Several Kansas lawmakers have introduced two bills that would severely curtail LGBTQ rights.
The bills, which each have about half a dozen co-sponsors, were introduced yesterday and cover a range of topics, including marriage equality and civil rights legislation.
One of the bills would ban state officials from granting marriage licenses to same-sex couples and define same-sex marriages as “parody marriages,” something South Carolina Republicans tried to do last year.
The other bill defines LGBTQ people as a religion and says that the rainbow flag is a symbol of a “faith-based worldview,” an argument that a conservative crackpot tried to use several years ago to get a court to ban members of Congress from displaying the rainbow flag.
The bills include a wide range of measures to reduce LGBTQ equality, like banning the state from recognizing transgender people’s gender identities, preventing municipal governments from banning conversion therapy or discrimination against LGBTQ people, and barring libraries and schools from hosting events like Drag Queen Story Hour.
The bills assert that LGBTQ people “erode community standards of decency” and “There are no ex-blacks but there are thousands of ex-gays.”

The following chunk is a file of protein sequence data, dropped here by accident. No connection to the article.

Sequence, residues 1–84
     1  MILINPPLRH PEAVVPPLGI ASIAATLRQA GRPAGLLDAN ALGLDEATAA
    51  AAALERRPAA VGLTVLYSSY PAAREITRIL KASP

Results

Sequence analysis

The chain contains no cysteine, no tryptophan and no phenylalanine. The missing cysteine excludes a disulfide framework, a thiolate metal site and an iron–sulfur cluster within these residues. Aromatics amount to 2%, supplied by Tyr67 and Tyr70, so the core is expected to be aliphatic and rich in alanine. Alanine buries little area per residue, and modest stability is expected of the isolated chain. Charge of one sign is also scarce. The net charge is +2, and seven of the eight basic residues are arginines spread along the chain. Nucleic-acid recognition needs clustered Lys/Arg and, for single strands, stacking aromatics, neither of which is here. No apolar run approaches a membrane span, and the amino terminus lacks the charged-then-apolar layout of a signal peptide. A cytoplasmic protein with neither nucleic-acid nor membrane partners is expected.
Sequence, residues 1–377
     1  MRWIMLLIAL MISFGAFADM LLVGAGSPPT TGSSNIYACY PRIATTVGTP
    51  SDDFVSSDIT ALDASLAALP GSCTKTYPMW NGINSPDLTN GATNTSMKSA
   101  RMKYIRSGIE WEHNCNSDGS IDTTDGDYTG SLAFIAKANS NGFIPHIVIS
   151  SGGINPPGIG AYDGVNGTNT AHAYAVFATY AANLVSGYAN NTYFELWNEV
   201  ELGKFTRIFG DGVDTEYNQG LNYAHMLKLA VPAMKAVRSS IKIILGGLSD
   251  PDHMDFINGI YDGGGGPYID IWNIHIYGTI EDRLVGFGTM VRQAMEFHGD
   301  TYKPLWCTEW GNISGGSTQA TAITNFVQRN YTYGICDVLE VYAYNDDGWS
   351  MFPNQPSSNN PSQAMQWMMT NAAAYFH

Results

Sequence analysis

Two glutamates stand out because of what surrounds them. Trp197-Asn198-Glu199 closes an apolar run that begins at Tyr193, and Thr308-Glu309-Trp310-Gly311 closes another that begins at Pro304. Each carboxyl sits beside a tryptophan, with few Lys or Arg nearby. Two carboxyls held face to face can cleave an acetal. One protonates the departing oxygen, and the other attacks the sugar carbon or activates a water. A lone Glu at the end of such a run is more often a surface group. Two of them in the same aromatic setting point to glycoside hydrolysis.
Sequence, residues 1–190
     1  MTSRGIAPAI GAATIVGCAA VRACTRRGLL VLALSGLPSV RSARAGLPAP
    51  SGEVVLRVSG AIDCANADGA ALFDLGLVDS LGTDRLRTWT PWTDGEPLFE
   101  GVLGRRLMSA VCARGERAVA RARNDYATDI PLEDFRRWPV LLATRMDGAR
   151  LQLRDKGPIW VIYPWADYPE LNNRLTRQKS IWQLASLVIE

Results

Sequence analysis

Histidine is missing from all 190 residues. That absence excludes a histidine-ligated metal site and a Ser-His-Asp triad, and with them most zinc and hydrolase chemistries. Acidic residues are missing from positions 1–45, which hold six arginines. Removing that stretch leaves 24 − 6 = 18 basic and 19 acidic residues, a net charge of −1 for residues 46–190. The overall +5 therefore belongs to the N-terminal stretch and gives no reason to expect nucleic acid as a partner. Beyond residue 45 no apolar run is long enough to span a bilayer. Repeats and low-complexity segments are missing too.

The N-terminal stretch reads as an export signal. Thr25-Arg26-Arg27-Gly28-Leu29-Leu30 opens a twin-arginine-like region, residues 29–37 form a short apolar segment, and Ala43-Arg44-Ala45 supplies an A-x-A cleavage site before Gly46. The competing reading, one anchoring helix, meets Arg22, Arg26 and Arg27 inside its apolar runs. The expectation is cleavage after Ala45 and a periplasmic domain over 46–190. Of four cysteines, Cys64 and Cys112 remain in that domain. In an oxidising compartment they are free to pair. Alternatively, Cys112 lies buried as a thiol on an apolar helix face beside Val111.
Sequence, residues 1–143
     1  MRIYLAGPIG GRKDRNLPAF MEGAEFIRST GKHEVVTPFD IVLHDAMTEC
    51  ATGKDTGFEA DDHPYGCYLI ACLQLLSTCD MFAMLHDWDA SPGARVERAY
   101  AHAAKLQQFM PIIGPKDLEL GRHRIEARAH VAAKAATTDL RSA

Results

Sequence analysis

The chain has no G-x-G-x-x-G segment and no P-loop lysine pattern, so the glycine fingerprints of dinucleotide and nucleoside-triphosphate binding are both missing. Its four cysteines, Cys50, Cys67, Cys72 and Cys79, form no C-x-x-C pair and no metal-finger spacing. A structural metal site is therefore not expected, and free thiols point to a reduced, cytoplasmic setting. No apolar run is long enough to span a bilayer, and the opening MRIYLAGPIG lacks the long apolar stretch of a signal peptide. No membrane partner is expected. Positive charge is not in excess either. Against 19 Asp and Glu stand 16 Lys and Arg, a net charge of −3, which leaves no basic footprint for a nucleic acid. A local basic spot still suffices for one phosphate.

“The government’s endorsement of LGBTQ ideology has amounted to the greatest sham since the inception of American jurisprudence,” one of the bills says.
“Their marriage probably doesn’t affect me – their union or whatever you want to call it,” one of the bills’ co-sponsor Representative Randy Garber (R) told the Wichita Sun. He said that he was more concerned that LGBTQ people’s beliefs were being “forced” on him.
“I don’t believe myself to be a bigot. I’m Christian and I love people. I believe you should love everybody, but I believe you should also take a stand on what you believe, lovingly.”
Tom Witt of Equality Kansas said that the bills are the “most vile, hateful and disrespectful legislation” he has seen in his career.
“Every year, we see bills that restrict, remove, and limit the rights of LGBT Kansans, but never have we seen this level of extremist vitriol laid out in legislative language,” Witt said.
“These bills combined are 18 pages of insults and name calling.”
Democrats don’t believe that the bills will pass the legislature. The Democratic governor of Kansas is unlikely to sign them.